The Radicals were further displeased to learn that Johnson intended to carry on Lincoln’s Ten-Percent Plan to restore the Union. He started off by formally recognizing the new governments of Arkansas and Louisiana, and on the 9th he issued an “Executive order to reestablish the authority of the United States, and execute the laws within the geographical limits known as the State of Virginia.” This included the proclamation:

“That, to carry into effect the guarantee of the Federal Constitution of a republican form of State government, and afford the advantage of the security of domestic laws, as well as to complete the reestablishment of the authority of the laws of the United States and the full and complete restoration of peace within the limits aforesaid, Francis H. Pierpont, Governor of the State of Virginia, will be aided by the Federal Government, so far as may be necessary, in the lawful measures which he may take for the extension and administration of the State government throughout the geographical limits of said State.”

Pierpont had been the provisional governor of a quasi-Virginia state government loyal to the U.S. while the popularly elected government in Richmond had allied with the Confederacy. Under Johnson’s order, no state official who had been part of the pro-Confederate government could serve in the new regime, and all those serving had to swear allegiance to the U.S.

The next day, Johnson issued a proclamation that “armed resistance to the authority of this Government (from) the said insurrectionary States may be regarded as virtually at an end…” The Federal naval blockade was gradually lifted, and the military was slowly demobilized. This despite there being one last major Confederate army still in the field: General Edmund Kirby Smith’s west of the Mississippi River.

Also this month, Johnson appointed Major General Oliver O. Howard to head the new Freedmen’s Bureau, which was to provide government aid to newly freed slaves. On the 22nd, Johnson announced that all seaports except for some in Texas would be opened for commerce, and all commercial activity east of the Mississippi River would resume. Five days later, Johnson ordered the liberation of those imprisoned by military authorities for various offenses, including protesting the war. By month’s end, Johnson prepared to issue his official plan for restoring all conquered states.



Davis, Jefferson, The Rise and Fall of the Confederate Government: All Volumes (Heraklion Press, Kindle Edition 2013, 1889), Loc 16947-65; Denney, Robert E., The Civil War Years: A Day-by-Day Chronicle (New York: Gramercy Books, 1992 [1998 edition]), p. 568, 570; Faust, Patricia L., Historical Times Illustrated Encyclopedia of the Civil War (New York: Harper & Row, 1986, Patricia L. Faust ed.), p. 290; Ferrell, Claudine L., Reconstruction: Greenwood Guides to Historic Events, 1500-1900 (Greenwood, 2003), p. 18; Foote, Shelby, The Civil War: A Narrative: Volume 3: Red River to Appomattox (Vintage Civil War Library, Knopf Doubleday Publishing Group, Kindle Edition, 2011), Loc 21343-67, 21743-53; Fredriksen, John C., Civil War Almanac (New York: Checkmark Books, 2007), p. 590-93; Long, E.B. with Long, Barbara, The Civil War Day by Day (New York: Da Capo Press, Inc., 1971), p. 686-89; White, Howard Ray, Bloodstains, An Epic History of the Politics that Produced and Sustained the American Civil War and the Political Reconstruction that Followed (Southernbooks, Kindle Edition, 2012), Q265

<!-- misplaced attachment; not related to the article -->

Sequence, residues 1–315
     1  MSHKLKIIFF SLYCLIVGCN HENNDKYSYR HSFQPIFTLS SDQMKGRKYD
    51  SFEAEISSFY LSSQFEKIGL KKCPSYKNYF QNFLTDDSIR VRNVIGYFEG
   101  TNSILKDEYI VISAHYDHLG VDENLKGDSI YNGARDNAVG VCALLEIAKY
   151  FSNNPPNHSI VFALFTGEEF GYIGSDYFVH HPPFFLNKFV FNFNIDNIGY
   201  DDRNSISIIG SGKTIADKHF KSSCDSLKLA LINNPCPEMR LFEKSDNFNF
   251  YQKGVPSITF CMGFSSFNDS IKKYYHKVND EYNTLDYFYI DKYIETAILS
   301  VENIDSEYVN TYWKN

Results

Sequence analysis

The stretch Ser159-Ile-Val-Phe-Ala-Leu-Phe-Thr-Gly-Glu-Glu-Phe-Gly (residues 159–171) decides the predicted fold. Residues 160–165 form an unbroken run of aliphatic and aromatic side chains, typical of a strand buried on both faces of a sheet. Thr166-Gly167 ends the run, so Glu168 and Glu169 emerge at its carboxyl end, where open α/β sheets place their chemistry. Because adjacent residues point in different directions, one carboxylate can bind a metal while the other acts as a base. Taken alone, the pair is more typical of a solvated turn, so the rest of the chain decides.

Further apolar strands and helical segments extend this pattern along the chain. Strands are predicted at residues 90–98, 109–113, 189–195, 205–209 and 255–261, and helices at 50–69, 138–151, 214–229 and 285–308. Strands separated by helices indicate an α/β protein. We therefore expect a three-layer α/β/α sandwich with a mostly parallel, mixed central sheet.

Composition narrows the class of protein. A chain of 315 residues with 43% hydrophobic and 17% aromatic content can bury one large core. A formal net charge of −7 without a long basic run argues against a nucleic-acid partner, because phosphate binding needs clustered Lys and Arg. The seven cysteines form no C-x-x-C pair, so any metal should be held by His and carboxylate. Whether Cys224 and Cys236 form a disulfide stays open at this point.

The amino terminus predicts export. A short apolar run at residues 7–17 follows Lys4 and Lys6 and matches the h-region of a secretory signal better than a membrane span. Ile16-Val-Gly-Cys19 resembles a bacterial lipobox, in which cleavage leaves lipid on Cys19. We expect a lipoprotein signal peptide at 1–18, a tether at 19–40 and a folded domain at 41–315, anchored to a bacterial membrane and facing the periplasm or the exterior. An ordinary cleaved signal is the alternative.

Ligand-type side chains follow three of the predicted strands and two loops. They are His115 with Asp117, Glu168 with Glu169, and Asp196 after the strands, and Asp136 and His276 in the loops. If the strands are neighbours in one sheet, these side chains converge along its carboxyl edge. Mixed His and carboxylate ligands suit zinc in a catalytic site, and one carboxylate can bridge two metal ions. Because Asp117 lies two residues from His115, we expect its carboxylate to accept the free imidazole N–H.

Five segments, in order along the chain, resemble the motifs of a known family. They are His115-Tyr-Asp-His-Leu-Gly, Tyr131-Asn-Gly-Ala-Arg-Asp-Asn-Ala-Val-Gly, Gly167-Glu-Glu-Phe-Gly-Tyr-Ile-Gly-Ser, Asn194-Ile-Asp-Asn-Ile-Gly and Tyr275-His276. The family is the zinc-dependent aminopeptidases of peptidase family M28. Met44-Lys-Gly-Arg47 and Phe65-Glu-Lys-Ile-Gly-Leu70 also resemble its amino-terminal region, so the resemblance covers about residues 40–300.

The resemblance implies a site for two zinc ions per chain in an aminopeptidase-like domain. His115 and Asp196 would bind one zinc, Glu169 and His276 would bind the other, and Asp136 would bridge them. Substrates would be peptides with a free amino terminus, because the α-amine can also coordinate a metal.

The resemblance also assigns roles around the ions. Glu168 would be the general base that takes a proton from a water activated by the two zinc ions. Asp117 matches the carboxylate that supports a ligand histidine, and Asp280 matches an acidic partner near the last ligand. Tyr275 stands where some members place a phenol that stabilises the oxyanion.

Reconstruction Begins in Arkansas

January 19, 1864 – A legally dubious convention amended the Arkansas constitution to abolish slavery in the state.

Maj Gen Frederick Steele | Image Credit: CivilWarDailyGazette.com

Delegates assembled at Little Rock to consider constitutional changes, the most important of which was to end slavery in accordance with President Abraham Lincoln’s Proclamation of Amnesty and Reconstruction. The delegates were not popularly elected to represent the people of Arkansas, and as they debated, the popularly elected (pro-Confederate) state government continued functioning in southwestern Arkansas, which was not yet under Federal military occupation.

Under this amended Unionist constitution, Arkansas was now eligible to be restored to the U.S. Convention delegates approved submitting the constitution to a popular vote on March 14. Those eligible to vote would be white men who swore allegiance to the Union. Lincoln wrote Major General Frederick Steele, commanding the Federal occupation forces in the Department of Arkansas:

“Sundry citizens of the State of Arkansas petitioned me that an election may be held in that State, in which to elect a Governor; that it be assumed at that election, and thenceforward, that the Constitution and laws of the State, as before the rebellion, are in full force, except that the Constitution is so modified as to declare that there shall be neither slavery nor involuntary servitude…”

According to Lincoln, the legality of the constitutional convention was not to be questioned; as long as the delegates voted to abolish slavery, Steele was authorized to “fix the rest.” The delegates elected Isaac Murphy as provisional governor until the elections were held in March. Lincoln would leave Steele to work with civil authorities on the details of forming the new Unionist government for Arkansas, as long as those details included ending slavery.



Davis, Jefferson, The Rise and Fall of the Confederate Government: All Volumes (Heraklion Press, Kindle Edition 2013, 1889), Loc 16868-85; Denney, Robert E., The Civil War Years: A Day-by-Day Chronicle (New York: Gramercy Books, 1992 [1998 edition]), p. 360-61; Donald, David Herbert, Lincoln (Simon & Schuster, Kindle Edition, 2011), Loc 10303; Fredriksen, John C., Civil War Almanac (New York: Checkmark Books, 2007), p. 390-91; Long, E.B. with Long, Barbara, The Civil War Day by Day (New York: Da Capo Press, Inc., 1971), p. 456-58; White, Howard Ray, Bloodstains, An Epic History of the Politics that Produced and Sustained the American Civil War and the Political Reconstruction that Followed (Southernbooks, Kindle Edition, 2012), Q164